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Full Online Book HomeLong StoriesPaul Faber, Surgeon - Chapter 28. Cow-Lane-Chapel
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Paul Faber, Surgeon - Chapter 28. Cow-Lane-Chapel Post by :Sunil_Tanna Category :Long Stories Author :George Macdonald Date :May 2012 Read :2947

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Paul Faber, Surgeon - Chapter 28. Cow-Lane-Chapel

CHAPTER XXVIII. COW-LANE-CHAPEL

By degrees Mr. Drake's mind grew quiet, and accommodated itself to the condition of the new atmosphere in which at first it was so hard for him to draw spiritual breath. He found himself again able to pray, and while he bowed his head lower before God, he lifted up his heart higher toward him. His uncle's bequest presenting no appropriative difficulties, he at once set himself to be a faithful and wise steward of the grace of God, to which holy activity the return of his peace was mainly owing. Now and then the fear would return that God had sent him the money in displeasure, that He had handed him over all his principal, and refused to be his banker any more; and the light-winged, haunting dread took from him a little even of the blameless pleasure that naturally belonged to the paying of his debts. Also he now became plainly aware of a sore fact which he had all his life dimly suspected--namely, that there was in his nature a spot of the leprosy of avarice, the desire to accumulate. Hence he grew almost afraid of his money, and his anxiety to spend it freely and right, to keep it flowing lest it should pile up its waves and drown his heart, went on steadily increasing. That he could hoard now if he pleased gave him just the opportunity of burning the very possibility out of his soul. It is those who are unaware of their proclivities, and never pray against them, that must be led into temptation, lest they should forever continue capable of evil. When a man could do a thing, then first can he abstain from doing it. Now, with his experience of both poverty and riches, the minister knew that he must make them both follow like hounds at his heel. If he were not to love money, if, even in the free use of it, he were to regard it with honor, fear its loss, forget that it came from God, and must return to God through holy channels, he must sink into a purely contemptible slave. Where would be the room for any further repentance? He would have had every chance, and failed in every trial the most opposed! He must be lord of his wealth; Mammon must be the slave, not Walter Drake. Mammon must be more than his brownie, more than his Robin Goodfellow; he must be the subject Djin of a holy spell--holier than Solomon's wisdom, more potent than the stamp of his seal. At present he almost feared him as a Caliban to whom he might not be able to play Prospero, an Ufreet half-escaped from his jar, a demon he had raised, for whom he must find work, or be torn by him into fragments. The slave must have drudgery, and the master must take heed that he never send him alone to do love's dear service.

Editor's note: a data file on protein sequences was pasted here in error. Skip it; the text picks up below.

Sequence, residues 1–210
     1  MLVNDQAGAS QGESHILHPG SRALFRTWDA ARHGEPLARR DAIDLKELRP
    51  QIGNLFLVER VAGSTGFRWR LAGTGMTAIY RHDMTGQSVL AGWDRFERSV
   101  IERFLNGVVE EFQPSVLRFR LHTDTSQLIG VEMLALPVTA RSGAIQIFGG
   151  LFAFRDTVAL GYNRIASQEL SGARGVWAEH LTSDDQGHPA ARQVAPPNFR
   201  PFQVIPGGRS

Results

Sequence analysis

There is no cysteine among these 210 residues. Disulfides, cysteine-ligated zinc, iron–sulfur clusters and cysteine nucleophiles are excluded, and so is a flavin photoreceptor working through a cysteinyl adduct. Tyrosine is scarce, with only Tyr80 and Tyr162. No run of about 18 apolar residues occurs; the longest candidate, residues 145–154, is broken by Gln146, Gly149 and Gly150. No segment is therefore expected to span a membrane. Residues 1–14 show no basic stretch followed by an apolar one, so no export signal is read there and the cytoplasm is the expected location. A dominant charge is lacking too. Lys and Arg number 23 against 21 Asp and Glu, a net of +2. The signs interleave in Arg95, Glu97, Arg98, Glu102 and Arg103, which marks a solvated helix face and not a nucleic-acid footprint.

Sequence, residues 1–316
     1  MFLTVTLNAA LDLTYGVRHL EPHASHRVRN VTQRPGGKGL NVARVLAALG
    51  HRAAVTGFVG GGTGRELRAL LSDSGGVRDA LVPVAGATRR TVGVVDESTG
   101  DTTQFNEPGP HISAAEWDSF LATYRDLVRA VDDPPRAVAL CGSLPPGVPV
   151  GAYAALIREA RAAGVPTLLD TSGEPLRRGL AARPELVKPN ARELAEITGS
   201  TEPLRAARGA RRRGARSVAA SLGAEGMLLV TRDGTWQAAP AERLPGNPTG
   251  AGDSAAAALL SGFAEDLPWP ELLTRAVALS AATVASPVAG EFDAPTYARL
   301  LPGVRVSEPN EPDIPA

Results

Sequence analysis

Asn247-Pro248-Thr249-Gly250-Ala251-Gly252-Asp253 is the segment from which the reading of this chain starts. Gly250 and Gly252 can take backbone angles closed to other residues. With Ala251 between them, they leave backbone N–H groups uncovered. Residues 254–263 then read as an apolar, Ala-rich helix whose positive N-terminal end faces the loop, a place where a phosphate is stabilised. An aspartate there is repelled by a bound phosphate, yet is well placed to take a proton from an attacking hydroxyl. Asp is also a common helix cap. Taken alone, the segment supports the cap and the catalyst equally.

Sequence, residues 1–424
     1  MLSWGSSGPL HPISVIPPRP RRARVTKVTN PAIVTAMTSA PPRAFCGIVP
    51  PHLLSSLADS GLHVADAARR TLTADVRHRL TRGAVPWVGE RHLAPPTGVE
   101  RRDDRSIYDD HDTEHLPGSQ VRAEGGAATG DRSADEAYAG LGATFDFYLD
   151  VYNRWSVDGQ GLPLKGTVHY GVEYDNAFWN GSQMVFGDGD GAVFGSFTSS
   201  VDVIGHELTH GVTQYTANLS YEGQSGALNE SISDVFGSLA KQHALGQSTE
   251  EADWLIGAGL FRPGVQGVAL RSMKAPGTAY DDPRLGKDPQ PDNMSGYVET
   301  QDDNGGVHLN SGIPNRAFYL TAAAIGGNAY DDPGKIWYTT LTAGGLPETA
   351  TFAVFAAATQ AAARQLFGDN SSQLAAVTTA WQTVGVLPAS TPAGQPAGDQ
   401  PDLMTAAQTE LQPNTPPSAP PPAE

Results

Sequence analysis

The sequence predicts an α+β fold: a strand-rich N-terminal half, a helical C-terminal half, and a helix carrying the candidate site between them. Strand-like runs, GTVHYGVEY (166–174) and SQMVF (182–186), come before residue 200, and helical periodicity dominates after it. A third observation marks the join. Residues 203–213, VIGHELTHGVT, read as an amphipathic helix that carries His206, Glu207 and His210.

"I am sixty," he said, to himself, "and I have learned to begin to learn." Behind him his public life looked a mere tale that is told; his faith in the things he had taught had been little better than that which hangs about an ancient legend. He had been in a measure truthful; he had endeavored to act upon what he taught; but alas! the accidents of faith had so often been uppermost with him, instead of its eternal fundamental truths! How unlike the affairs of the kingdom did all that church-business look to him now!--the rich men ruling--the poor men grumbling! In the whole assembly including himself, could he honestly say he knew more than one man that sought the kingdom of Heaven _first_? And yet he had been tolerably content, until they began to turn against himself!--What better could they have done than get rid of him? The whole history of their relation appeared now as a mess of untruth shot through with threads of light. Now, now, he would strive to enter in at the strait gate: the question was not of pushing others in. He would mortify the spirit of worldly judgments and ambitions: he would be humble as the servant of Christ.